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Adagio Teas
   Features  >  NY Theater Reviews

 
CORAM BOY
at the Imperial Theater, NY

BLESSED BE THE LITTLE CHILDREN
By MARK BLANKENSHIP


Why fight Coram Boy? Sure, it has a dime-novel plot and more splashy effects than a weekend in Vegas, but this play with music could be the gold standard for mindless fun. Spectacular without being gaudy, it offers the type of imagination-firing entertainment that Broadway constantly promises bur rarely delivers with such elegant panache.

Paradoxically, this epic production-boasting over forty actors, a dozen sets, and a scene set underwater-is best defined by its reserve. Both director Melly Still and playwright Helen Edmundson, adapting Jamila Gavin's young adult novel, bring a light touch to wildly melodramatic elements. Showy images appear just long enough to be impressive. Plot devices move the action forward and then disappear before they grow tiresome. This economy makes the show a nimble, perfectly controlled adventure.

Consider the use of the Angel (Ivy Vahanian). She's a statue in a church where a group of 18th-century orphan boys are trained to sing in the choir. A mentally disturbed vagabond named Meshak (Brad Fleischer) imagines that he talks to her, and sometimes the play lets her respond. She doesn't talk often, though, so it's exciting to wonder when the living actor will break from her statue pose and speak. And once-only once-she flies in from the rafters, chastising Meshak while he and his father are up to dastardly business in a forest (they run a complicated scam involving rich, unwed mothers being duped into selling their newborns).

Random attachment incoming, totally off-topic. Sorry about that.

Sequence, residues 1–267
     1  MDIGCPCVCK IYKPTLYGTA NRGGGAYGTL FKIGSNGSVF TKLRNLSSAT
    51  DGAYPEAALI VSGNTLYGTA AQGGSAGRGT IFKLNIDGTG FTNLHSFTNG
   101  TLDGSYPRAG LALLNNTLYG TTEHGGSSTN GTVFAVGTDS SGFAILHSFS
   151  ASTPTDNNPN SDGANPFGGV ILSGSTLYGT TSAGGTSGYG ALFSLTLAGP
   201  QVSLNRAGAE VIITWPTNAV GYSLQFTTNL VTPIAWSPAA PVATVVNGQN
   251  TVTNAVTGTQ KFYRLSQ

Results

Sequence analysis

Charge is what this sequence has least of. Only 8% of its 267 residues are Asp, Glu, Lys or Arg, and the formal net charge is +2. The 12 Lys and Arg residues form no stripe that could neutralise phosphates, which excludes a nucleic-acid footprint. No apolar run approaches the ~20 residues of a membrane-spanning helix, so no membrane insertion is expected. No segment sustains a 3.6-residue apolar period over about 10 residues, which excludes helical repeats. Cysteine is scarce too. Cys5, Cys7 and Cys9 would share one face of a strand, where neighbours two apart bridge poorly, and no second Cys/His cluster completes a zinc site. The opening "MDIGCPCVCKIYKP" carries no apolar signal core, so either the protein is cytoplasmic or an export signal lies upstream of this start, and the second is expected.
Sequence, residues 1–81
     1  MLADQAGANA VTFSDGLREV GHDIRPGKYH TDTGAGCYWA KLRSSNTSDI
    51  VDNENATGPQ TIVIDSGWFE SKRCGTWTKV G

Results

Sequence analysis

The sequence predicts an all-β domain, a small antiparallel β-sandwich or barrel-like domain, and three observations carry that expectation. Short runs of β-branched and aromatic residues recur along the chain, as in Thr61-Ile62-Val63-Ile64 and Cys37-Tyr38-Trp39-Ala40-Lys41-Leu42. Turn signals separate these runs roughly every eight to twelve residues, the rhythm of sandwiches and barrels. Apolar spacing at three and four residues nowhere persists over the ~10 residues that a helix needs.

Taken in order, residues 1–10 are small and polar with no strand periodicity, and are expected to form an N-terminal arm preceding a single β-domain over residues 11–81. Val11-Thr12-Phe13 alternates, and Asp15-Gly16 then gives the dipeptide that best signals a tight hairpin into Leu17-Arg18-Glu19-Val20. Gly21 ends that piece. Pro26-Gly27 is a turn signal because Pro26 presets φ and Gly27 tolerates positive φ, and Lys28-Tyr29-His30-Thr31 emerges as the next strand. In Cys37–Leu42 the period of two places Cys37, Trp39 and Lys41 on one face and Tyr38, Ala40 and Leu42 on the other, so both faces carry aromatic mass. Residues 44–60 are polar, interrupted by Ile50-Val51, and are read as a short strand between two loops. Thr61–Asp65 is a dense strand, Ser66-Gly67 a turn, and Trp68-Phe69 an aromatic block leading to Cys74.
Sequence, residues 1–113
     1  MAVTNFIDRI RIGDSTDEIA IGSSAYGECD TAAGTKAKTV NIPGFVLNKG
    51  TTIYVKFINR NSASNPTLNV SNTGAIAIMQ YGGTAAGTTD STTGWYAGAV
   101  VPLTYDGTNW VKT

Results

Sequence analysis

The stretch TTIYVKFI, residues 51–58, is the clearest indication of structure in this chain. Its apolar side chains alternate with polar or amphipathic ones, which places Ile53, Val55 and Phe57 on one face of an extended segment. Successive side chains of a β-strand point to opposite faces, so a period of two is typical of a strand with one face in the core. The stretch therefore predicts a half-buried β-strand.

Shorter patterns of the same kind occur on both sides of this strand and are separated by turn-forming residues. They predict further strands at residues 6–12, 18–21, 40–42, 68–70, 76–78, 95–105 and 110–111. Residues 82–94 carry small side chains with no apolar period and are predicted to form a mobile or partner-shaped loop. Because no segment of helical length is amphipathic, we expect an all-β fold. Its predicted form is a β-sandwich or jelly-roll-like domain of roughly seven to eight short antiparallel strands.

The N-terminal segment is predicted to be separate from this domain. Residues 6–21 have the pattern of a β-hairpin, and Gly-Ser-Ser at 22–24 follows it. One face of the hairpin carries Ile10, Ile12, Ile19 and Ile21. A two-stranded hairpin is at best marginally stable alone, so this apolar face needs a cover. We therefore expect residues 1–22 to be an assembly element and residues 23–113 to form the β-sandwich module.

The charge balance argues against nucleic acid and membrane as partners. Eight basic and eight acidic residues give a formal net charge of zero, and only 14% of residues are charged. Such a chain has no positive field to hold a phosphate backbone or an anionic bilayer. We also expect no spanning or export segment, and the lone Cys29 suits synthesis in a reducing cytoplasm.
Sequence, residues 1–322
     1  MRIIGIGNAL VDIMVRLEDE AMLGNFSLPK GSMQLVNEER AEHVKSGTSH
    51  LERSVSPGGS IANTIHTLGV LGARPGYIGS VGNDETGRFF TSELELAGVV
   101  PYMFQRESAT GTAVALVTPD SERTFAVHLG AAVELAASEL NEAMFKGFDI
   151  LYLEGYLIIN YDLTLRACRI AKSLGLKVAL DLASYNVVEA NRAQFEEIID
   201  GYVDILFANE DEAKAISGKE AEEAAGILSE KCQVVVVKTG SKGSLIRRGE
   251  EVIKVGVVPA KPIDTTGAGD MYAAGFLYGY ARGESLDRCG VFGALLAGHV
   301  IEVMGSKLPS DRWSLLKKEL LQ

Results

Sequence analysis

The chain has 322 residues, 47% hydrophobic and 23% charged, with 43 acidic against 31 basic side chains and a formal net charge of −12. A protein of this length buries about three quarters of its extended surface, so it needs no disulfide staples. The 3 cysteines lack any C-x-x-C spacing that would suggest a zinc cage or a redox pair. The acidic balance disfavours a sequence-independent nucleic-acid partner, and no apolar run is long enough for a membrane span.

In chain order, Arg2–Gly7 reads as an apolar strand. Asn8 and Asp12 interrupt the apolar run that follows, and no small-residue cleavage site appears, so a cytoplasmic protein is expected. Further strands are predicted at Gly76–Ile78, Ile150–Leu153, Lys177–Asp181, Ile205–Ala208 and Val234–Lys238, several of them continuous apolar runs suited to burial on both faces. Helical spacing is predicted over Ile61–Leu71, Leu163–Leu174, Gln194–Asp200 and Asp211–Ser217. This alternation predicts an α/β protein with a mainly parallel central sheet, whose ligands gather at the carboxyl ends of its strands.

The Angel's sudden appearance-zipping down on visible wire and then snapping back out of sight-is thrilling, and the impact isn't diluted by overuse.

Of course, "overused" is how some might describe Coram Boy's plot points. Few will be surprised when one of the babies Meshak steals ends up in the very church choir we see at the beginning of the show. Any bets on whether the lad has a gift for singing that improbably helps him find his family? Or whether Meshak's wicked father (Bill Camp) tries to stop the happy reunion in a treacherous encounter at sea?

Accepting the outlandish story makes it easier to embrace the skill with which it's told. It's stirring, for instance, to hear the choir performances, sung by over twenty people that Still has tucked discreetly into the highest corners of the set. As they belt Handel's music-he's also a character here-the singers give grandeur to the action scenes. As they tear through their characters with rich, nuanced performances, the actors give complexity to their roles. And as it rolls through three hours of intrigue, Coram Boy gives ample reason to sit back and enjoy the ride.



 


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